Sensory systems display remarkable plasticity and are under strong evolutionary selection. The Mexican cavefish,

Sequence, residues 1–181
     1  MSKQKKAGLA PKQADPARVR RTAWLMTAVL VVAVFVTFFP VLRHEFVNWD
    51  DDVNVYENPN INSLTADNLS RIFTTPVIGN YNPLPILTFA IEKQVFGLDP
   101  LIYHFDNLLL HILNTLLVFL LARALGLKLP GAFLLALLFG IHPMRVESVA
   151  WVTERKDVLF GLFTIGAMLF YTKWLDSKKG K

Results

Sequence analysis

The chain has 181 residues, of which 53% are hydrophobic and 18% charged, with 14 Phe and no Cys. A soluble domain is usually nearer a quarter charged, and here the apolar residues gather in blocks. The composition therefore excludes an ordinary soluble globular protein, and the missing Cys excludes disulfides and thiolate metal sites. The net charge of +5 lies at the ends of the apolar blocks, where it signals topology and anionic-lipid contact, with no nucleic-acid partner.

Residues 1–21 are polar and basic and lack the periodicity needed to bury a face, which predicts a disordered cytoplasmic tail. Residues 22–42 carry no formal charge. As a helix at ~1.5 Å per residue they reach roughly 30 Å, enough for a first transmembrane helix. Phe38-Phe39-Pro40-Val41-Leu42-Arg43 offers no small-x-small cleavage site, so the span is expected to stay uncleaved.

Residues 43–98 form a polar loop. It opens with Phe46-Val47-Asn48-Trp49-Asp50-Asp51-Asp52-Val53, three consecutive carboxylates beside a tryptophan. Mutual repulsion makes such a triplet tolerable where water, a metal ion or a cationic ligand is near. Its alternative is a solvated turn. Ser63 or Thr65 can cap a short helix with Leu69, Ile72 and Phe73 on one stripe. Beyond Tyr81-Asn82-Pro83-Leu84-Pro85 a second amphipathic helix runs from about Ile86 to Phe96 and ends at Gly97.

Astyanax mexicanus, consists of eyed river-dwelling surface populations, and multiple independent cave populations which have converged on eye loss, providing the opportunity to examine the evolution of sensory circuits in response to environmental perturbation. Functional analysis across multiple transgenic populations expressing GCaMP6s showed that functional connectivity of the optic tectum largely did not differ between populations, except for the selective loss of negatively correlated activity within the cavefish tectum, suggesting positively correlated neural activity is resistant to an evolved loss of input from the retina. Further, analysis of surface-cave hybrid fish reveals that changes in the tectum are genetically distinct from those encoding eye-loss. Together, these findings uncover the independent evolution of multiple components of the visual system and establish the use of functional imaging in A. mexicanusto study neural circuit evolution.